High performance computers are now generating data faster than they can store them. “We can produce exabytes of data per second now,” explains Roxana Bujack, a Los Alamos computer scientist. “But we can’t store it all to analyze later, like we used to. There’s just too much.”
Bujack is a part of the Exascale Computing Project, the National Strategic Computing Initiative’s push to develop computing systems capable of a billion-billion calculations per second. One of the hurdles the Exascale Computing Project faces is the mismatch between data generation and data storage—known as the input/output bottleneck, or the I/O problem.
One method to tackle the I/O problem is in-situ processing. The idea is for the computer to build the final artifact—whether that is a statistical analysis, a visualization, a trend in climate simulation, a characterization of particle interactions, or some other product—while the computation is running rather than after. The final artifact is then saved, but the data that went into it are discarded. This approach negates the need to store the raw data, which frees up space, but it also frees up time because moving data in and out of storage takes a lot longer than producing the artifact does.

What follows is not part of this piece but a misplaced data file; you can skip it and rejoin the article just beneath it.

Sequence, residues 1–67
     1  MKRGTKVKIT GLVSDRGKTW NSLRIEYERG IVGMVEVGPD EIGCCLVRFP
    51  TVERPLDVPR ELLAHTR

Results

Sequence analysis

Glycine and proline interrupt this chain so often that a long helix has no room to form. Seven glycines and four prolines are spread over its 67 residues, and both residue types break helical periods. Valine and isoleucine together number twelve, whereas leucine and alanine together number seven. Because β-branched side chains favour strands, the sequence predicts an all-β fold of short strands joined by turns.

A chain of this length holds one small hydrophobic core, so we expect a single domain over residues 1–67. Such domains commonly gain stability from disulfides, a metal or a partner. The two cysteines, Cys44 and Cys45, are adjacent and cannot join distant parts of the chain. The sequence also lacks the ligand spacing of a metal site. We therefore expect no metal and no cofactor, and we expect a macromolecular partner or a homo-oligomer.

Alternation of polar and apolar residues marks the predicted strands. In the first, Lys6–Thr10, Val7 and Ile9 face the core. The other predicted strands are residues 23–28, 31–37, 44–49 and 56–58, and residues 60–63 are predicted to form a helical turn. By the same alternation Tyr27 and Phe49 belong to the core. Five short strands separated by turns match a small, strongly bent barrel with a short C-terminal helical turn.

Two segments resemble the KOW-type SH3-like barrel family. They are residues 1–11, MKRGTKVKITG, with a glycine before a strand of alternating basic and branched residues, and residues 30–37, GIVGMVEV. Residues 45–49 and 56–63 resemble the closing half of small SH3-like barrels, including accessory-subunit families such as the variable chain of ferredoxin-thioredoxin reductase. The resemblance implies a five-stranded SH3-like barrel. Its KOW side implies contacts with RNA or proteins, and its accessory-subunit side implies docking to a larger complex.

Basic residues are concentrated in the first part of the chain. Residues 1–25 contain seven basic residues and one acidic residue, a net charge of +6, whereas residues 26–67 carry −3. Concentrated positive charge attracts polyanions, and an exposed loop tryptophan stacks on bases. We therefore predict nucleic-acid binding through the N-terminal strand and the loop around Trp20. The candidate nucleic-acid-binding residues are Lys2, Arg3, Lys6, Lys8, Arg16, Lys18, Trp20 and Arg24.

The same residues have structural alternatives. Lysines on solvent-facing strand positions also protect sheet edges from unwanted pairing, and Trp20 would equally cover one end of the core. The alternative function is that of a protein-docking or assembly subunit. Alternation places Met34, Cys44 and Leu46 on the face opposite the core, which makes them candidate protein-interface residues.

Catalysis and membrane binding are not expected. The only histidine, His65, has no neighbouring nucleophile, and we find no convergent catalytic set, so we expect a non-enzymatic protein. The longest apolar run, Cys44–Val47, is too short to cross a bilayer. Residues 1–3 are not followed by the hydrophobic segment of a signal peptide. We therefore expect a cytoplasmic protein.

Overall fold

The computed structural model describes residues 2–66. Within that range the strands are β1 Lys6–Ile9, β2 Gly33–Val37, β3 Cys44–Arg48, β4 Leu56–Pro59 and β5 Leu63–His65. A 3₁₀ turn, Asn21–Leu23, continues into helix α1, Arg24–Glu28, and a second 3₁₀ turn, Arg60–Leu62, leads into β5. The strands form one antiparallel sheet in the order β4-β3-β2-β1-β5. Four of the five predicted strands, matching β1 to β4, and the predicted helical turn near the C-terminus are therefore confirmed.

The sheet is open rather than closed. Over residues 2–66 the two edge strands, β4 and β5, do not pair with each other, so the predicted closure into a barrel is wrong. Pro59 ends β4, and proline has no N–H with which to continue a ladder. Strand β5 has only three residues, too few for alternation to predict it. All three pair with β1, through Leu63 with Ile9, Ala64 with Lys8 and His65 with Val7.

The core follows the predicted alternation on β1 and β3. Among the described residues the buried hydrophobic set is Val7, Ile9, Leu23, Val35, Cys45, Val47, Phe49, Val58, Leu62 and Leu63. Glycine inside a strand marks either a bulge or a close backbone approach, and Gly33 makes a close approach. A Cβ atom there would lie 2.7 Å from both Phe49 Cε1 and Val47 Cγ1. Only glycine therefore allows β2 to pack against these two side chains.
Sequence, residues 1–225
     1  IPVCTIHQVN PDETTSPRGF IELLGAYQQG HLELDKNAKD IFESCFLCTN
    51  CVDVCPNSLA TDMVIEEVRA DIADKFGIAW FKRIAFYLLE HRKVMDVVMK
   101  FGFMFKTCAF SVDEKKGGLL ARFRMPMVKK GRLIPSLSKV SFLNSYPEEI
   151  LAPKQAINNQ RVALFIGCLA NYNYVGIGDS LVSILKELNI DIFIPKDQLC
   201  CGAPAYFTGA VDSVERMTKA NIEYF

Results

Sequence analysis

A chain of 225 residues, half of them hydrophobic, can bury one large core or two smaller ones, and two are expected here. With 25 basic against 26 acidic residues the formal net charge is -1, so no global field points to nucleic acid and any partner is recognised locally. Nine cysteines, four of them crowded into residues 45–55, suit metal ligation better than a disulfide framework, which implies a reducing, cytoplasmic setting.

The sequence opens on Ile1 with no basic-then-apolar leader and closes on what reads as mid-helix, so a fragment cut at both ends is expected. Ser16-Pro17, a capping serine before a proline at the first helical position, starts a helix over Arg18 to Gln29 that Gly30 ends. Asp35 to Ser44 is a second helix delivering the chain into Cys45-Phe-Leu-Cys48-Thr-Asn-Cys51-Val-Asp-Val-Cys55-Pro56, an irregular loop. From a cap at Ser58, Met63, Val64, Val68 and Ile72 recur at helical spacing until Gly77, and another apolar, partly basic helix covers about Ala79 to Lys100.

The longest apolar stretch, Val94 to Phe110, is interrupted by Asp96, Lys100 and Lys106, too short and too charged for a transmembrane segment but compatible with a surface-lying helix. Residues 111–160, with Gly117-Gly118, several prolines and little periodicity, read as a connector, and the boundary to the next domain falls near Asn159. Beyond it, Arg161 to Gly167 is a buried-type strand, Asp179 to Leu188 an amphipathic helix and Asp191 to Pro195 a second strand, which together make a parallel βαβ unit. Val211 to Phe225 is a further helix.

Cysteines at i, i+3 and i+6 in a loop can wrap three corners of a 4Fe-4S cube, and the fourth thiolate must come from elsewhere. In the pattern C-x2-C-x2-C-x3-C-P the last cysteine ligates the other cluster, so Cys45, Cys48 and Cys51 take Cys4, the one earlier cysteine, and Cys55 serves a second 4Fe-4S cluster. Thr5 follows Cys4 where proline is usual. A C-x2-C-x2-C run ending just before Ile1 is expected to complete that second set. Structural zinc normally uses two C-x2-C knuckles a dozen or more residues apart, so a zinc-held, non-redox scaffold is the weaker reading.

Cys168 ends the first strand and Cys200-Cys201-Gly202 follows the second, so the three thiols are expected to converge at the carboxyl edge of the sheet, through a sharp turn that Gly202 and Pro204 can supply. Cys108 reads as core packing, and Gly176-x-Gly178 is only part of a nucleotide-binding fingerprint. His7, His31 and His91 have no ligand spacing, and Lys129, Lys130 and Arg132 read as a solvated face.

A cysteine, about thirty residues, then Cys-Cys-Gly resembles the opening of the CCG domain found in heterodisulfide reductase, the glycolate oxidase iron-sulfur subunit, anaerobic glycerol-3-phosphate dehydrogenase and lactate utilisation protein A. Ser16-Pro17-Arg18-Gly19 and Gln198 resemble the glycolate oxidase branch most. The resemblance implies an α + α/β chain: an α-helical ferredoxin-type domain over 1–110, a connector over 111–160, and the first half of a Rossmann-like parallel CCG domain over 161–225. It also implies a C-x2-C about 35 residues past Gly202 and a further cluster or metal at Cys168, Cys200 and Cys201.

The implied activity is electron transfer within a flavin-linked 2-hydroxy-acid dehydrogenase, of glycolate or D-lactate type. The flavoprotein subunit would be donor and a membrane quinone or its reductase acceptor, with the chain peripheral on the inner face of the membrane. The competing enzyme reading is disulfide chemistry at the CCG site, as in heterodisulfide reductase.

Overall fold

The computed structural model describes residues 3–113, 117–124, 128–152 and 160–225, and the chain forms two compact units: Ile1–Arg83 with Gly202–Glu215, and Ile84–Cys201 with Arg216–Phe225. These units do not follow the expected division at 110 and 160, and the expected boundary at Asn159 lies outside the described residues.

An image of a simulation takes up about one megabyte (106 bytes), so an exascale computer could store a billion images every second and still take less storage space than the raw data would. The images can still be retrieved as needed. It’s as if the data were there, but they are not.
As a demonstration, Bujack used the Summit supercomputer at Oakridge National Laboratory—the fastest in the world at the time—to create this visualization of a simulated contained explosion. She produced the images with ParaView, a visualization software developed at Los Alamos for large scientific datasets. As a simulation runs, ParaView uses in-situ analysis to take and store pictures from all perspectives and all times. Another software tool developed at Los Alamos, called Cinema, then allows Bujack to interact with the images—zooming, shifting, rotating, browsing through time—by loading them from the collection of stored images, instead of generating a new image from stored data.
“In-situ processing is a huge deal for exascale,” concludes Bujack. “No matter how detailed the simulation gets, the storage needs for images will remain constant. This is true scalability and it’s a big win for us.”